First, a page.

Hereditas Historiae

Website hosted by Irène Diependaal to foster some historical knowledge necessary to understand our present times

On monarchy and royalty

‘With the monarchy, there are really only two options: abolish it, or exploit its strength’ - The Economist, 12 September 1998

Queen Elizabeth, the "Lightness of Being" - 3D-portrait by Chris Levine (2007) - National Portrait Gallery, London

Reflecting on his own ejection from power, the English­ educated King Farouk of Egypt famously predicted that by the end of the twentieth century there would be only five monarchies left in the world: the kings of hearts, diamonds, clubs and spades and the King of England. The remark has the whiff of cigary worldliness about it that enabled Farouk to pretend that his own overthrow was the result of irresistible forces of history. In fact his departure from Cairo to the fleshpots of Monaco had as much to do with the fact that he was a pampered, kleptomaniac lard mountain: it was enough to look at his fat face and elaborately waxed moustache to want to punch his nose. But his moustache was sharper than his mind. He was right about the British monarchy, which survived into the twenty-first century because, by force majeure and good sense, its shape and powers had been trimmed and trimmed again, having learned the lesson of the great republican Thomas Paine that kings are deposed in the hearts of their subjects long before they are got rid of by legislative decree.’ (Jeremy Paxman, On royalty (2006)


A lot of words has been written on the British constitutional monarchy and especially the persons who were part of the British royal family in recent times. This section of Hereditas Historia only wants to offer a small selection close to the research areas of Irène Diependaal.

The selection starts with some quotations from the famous book by Walter Bagehot, The English Constitution (1867). Walter Bagehot (1826-1877) was editor-in-chief of The Economist. In honour of his contributions The Economist's weekly comments on current affairs in the United Kingdom is called "Bagehot". The selection is followed by an article of The Economist, written on occasion of the death of Queen Victoria in 1901. According to this article Spain, Belgium, Holland, Denmark, Sweden and Norway, Portugal, Greece all presented practically the same type of constitutional monarchy. After more than 20 years of research, Irène Diependaal thinks the situation is more complicated, but it is an interesting article to start an selection of voices of journalists who followed the British monarchy in recent times. Irène Diependaal doesn’t share all the opinions of the journalists. The voices are collected because of the thoughtfulness of the contributors, who changed opinion in time, and the quality of the argumentative analysis at time of writing. Some collected materials give background information to people - part of the British nation or part of an international audience - who don’t read a broad range of British newspapers daily.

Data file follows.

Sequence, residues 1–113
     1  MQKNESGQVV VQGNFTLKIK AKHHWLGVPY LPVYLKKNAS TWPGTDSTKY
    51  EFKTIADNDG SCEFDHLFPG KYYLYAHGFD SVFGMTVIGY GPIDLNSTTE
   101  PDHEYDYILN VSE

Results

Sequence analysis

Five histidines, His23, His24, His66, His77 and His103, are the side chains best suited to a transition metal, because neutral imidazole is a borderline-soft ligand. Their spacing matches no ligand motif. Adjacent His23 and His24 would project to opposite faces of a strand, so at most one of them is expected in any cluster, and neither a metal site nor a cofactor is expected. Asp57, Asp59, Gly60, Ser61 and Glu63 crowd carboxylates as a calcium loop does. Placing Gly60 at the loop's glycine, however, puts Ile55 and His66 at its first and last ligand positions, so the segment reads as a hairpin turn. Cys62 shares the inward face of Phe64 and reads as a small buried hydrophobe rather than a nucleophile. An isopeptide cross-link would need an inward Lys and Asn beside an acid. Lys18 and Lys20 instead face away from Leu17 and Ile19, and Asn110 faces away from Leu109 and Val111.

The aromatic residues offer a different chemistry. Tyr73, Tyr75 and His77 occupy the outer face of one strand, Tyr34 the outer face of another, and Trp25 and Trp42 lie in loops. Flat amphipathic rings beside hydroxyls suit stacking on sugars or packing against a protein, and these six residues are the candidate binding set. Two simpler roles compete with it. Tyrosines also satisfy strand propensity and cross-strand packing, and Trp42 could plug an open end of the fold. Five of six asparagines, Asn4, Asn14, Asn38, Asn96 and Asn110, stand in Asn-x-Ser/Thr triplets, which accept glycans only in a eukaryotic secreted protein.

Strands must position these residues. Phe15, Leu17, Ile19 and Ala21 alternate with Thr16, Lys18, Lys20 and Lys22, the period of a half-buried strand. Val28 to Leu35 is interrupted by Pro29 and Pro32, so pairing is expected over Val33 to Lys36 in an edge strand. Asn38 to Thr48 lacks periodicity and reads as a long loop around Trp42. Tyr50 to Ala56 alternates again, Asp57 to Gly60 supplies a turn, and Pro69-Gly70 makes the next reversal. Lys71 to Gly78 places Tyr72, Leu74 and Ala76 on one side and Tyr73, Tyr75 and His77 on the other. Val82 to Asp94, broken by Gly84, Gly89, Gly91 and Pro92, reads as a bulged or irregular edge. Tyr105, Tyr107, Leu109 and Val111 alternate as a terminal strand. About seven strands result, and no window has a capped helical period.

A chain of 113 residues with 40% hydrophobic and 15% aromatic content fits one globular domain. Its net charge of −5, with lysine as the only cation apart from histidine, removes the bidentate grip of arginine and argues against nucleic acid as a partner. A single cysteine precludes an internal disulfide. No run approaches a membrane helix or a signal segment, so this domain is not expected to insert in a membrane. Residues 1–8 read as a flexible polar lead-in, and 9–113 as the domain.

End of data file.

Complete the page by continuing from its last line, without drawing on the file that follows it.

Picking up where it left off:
Artist Chris Levine poses next to his lenticular image of Queen Elizabeth during a press view at the National Portrait Gallery.

The Economist, 12 September 1998:

‘Part of the reason why it is popular is precisely that the queen is not a politician, and that this independent, arbitrarily chosen woman holds a reserve power to control politicians' behaviour. It is hard to say whether that is a huge part of why the monarchy is popular or a small part, but it does play some sort of role. Opinion polls invariably reveal distaste for the idea of a President Hattersley or Patten, in other words a head of state elected from among retired or second-rank politicians on the German model. Take away this reserve power, vague though it is and unexercised though it remains, and people may reasonably ask what is now the point of the monarchy. Is it merely to preserve Britain as a heritage park?’

‘Sweden is the only one of the continental monarchies to have made this sort of change. In Belgium, Spain, Denmark and the Netherlands the monarch continues to exercise these constitutional powers - indeed, with proportional electoral systems, these monarchs have to be far more politically active than Queen Elizabeth.’